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The role of ryanodine receptor Ca2+ leak in t-system Ca2+ handling in skeletal muscle fibres

T.R. Cully,1 R.H. Choi,1 T.R. Shannon2 and B.S. Launikonis,1 1School of Biomedical Sciences, The University of Queensland, St Lucia, QLD 4072, Australia and 2Department of Molecular Physiology & Biophysics, Rush University Medical Center, Chicago, IL 60612, USA.

The tubular (t-) system of skeletal muscle forms a junction with the sarcoplasmic reticulum (SR), with some 12nm between the membranes. In the resting muscle, [Ca2+] within the small volume bound by the junctional membranes should be determined by the leak of Ca 2+ through the SR ryanodine receptors (RyRs), the Ca2+ handling ability of the t-system and diffusion of Ca2+ from the junctional space (js). The [Ca2+]js is expected to be higher than [Ca2+ ]bulk with a standing gradient set between the RyRs and SR Ca2+-pumps. We aimed to detect the effects of RyR Ca2+ leak into the junctional space by harnessing the ability of the t-system to detect changes in this domain by monitoring a Ca-sensitive dye inside the t-system.

All experimental procedures were approved by The Animal Ethics Committee of The University of Queensland. Wistar rats were euthanized by CO2 asphyxiation and the extensor digitorum longus and soleus muscle rapidly excised. Muscles were pinned down in a Petri dish above a layer of Sylgard under a layer of Paraffin oil. Bundles of fibres were isolated from the muscle and exposed to a physiological solution containing 2.5mM rhod-5N. After 10 mins a fibre was isolated and mechanically skinned, trapping the rhod-5N in the t-system as it sealed.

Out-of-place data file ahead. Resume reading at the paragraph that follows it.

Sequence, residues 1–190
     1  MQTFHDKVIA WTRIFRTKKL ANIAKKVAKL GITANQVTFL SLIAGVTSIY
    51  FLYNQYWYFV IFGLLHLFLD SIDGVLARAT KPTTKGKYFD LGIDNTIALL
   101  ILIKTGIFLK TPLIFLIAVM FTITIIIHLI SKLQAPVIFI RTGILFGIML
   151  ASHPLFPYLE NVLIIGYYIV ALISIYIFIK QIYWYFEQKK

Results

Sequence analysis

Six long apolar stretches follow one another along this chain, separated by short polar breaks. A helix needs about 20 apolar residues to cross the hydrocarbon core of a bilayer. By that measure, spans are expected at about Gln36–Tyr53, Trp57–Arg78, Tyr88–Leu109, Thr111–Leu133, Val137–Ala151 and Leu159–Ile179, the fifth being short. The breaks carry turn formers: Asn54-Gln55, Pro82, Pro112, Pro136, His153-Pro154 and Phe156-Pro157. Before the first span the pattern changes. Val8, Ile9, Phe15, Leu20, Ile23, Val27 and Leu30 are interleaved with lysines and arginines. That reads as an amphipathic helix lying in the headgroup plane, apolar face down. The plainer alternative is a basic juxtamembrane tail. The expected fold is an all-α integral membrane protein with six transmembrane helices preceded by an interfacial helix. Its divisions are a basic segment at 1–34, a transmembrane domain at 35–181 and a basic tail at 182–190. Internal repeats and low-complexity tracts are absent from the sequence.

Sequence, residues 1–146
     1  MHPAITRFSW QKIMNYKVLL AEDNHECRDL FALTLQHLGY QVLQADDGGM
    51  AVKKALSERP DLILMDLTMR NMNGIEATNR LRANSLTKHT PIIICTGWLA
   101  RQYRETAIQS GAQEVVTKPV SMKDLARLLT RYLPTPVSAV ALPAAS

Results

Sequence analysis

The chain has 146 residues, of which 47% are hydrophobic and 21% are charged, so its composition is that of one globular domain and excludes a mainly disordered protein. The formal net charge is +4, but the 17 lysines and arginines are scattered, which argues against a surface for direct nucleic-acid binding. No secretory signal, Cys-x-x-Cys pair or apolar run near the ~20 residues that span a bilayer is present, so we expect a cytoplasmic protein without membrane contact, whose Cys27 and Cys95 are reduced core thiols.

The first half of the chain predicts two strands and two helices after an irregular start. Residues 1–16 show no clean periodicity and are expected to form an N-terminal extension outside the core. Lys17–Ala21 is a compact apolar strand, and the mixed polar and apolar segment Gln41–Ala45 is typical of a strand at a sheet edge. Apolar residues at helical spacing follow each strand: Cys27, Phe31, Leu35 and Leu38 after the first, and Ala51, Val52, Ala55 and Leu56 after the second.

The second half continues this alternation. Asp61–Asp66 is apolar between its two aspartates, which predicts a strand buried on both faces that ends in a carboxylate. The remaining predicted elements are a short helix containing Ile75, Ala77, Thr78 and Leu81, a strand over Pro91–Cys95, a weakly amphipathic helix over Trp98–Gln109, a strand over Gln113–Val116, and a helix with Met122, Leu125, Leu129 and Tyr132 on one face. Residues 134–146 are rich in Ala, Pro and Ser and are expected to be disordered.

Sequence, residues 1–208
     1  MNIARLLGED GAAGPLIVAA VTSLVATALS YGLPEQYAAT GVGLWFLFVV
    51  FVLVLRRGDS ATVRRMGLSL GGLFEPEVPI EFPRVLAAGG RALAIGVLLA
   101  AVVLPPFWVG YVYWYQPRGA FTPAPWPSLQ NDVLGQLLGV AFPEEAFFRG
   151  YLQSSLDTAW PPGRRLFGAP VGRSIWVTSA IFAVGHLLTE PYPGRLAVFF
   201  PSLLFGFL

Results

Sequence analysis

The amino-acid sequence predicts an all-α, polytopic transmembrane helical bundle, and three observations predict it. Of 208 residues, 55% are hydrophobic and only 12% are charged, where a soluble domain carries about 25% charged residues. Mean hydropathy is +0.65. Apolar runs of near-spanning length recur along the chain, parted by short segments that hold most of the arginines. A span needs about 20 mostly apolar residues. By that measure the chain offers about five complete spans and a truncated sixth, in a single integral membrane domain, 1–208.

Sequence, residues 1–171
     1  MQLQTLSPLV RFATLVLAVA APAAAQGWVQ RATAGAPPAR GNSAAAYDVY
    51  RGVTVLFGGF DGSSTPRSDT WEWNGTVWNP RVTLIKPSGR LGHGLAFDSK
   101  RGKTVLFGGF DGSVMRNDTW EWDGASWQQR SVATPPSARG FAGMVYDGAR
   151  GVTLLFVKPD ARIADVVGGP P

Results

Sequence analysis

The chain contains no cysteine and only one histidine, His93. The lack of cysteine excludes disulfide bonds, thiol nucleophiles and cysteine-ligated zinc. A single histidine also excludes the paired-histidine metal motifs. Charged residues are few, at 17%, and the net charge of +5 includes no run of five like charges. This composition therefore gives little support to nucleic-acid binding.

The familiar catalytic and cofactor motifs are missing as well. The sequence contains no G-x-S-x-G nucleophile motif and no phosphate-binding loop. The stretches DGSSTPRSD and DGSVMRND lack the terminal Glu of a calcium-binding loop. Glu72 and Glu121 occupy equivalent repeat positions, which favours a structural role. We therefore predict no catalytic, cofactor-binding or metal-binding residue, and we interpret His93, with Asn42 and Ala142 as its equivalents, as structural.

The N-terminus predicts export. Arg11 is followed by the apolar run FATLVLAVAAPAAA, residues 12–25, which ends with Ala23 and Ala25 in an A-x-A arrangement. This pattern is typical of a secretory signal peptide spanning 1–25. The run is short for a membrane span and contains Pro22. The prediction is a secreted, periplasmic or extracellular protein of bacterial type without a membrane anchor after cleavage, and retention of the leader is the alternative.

To detect the RyR Ca2+ leak and its effects on t-system handling we exploited the fact that t-system Ca2+ uptake activity will be set by [Ca2+]js. T-system Ca2+-uptake activity was tracked with rhod-5N trapped in the t-system of mechanically skinned fibres of rat slow- and fast-twitch muscles on a confocal microscope. Chronic depletion of [Ca2+]SR with caffeine reduced [Ca2+]t-systo 0.1 mM via chronic activation of store-operated Ca2+ entry. We then exposed Ca2+-depleted preparations to 28nM-1.3μM [Ca2+]cyto in 50mM EGTA to allow observation of t-system Ca2+ uptake rates at known [Ca2+]bulk. Experiments were repeated in the presence of 1mM tetracaine or 10mM Mg2+ to block RyR Ca2+ leak and allow [Ca2+]js to equilibrate with [Ca2+]bulk. Rhod-5N signals and [Ca2+]t-sys were calibrated and t-system Ca2+ fluxes were derived. [Ca2+]bulk and peak t-system Ca2+ fluxes were fitted by Hill curves. Vmax was significantly depressed in slow- compared to fast-twitch fibres. The kD for both fibre types was right-shifted by tetracaine. It followed that at 67nM [Ca2+]bulk, [Ca2+]js was 165 and 220nM in slow and fast-twitch fibres, respectively. By lowering [Mg2+]cyto to 0.13mM to increase RyR leak further than physiological levels in the presence of a broad range of [Ca2+]cyto, t-system Ca2+ uptake rate and steady state [Ca2+]t-sys was reduced to below resting conditions but above that where SOCE was activated in the absence of Ca2+. The addition of 25mM BAPTA with varied [Ca2+]cyto also produced a decreased steady state [Ca2+]t-sys and a reduced Ca2+ uptake rate.

We conclude that increasing RyR Ca2+ leak activates SOCE, allowing SOCE to simultaneously act as a counter-current against Ca2+ being extruded from the fibre. Thus SOCE holds Ca2+ within the fibre rather than sequentially recovering Ca2+ previously lost from the fibre, as commonly presumed. These results also highlight that t-system Ca2+ fluxes can be used as a nanodomain sensor of RyR Ca2+ leak, an important factor in many muscle diseases.